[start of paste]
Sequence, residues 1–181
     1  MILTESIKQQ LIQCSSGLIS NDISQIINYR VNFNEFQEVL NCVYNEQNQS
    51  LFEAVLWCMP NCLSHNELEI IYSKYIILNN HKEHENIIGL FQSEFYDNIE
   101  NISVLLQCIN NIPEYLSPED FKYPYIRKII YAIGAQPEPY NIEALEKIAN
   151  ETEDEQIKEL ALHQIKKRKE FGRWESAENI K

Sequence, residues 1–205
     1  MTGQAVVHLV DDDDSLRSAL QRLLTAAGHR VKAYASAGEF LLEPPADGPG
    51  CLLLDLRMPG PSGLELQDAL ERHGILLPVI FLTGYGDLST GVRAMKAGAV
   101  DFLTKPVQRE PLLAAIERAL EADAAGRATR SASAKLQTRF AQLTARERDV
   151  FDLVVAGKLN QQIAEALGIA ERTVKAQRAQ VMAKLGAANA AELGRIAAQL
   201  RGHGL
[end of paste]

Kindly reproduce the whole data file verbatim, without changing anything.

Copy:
Sequence, residues 1–181
     1  MILTESIKQQ LIQCSSGLIS NDISQIINYR VNFNEFQEVL NCVYNEQNQS
    51  LFEAVLWCMP NCLSHNELEI IYSKYIILNN HKEHENIIGL FQSEFYDNIE
   101  NISVLLQCIN NIPEYLSPED FKYPYIRKII YAIGAQPEPY NIEALEKIAN
   151  ETEDEQIKEL ALHQIKKRKE FGRWESAENI K

Sequence, residues 1–205
     1  MTGQAVVHLV DDDDSLRSAL QRLLTAAGHR VKAYASAGEF LLEPPADGPG
    51  CLLLDLRMPG PSGLELQDAL ERHGILLPVI FLTGYGDLST GVRAMKAGAV
   101  DFLTKPVQRE PLLAAIERAL EADAAGRATR SASAKLQTRF AQLTARERDV
   151  FDLVVAGKLN QQIAEALGIA ERTVKAQRAQ VMAKLGAANA AELGRIAAQL
   201  RGHGL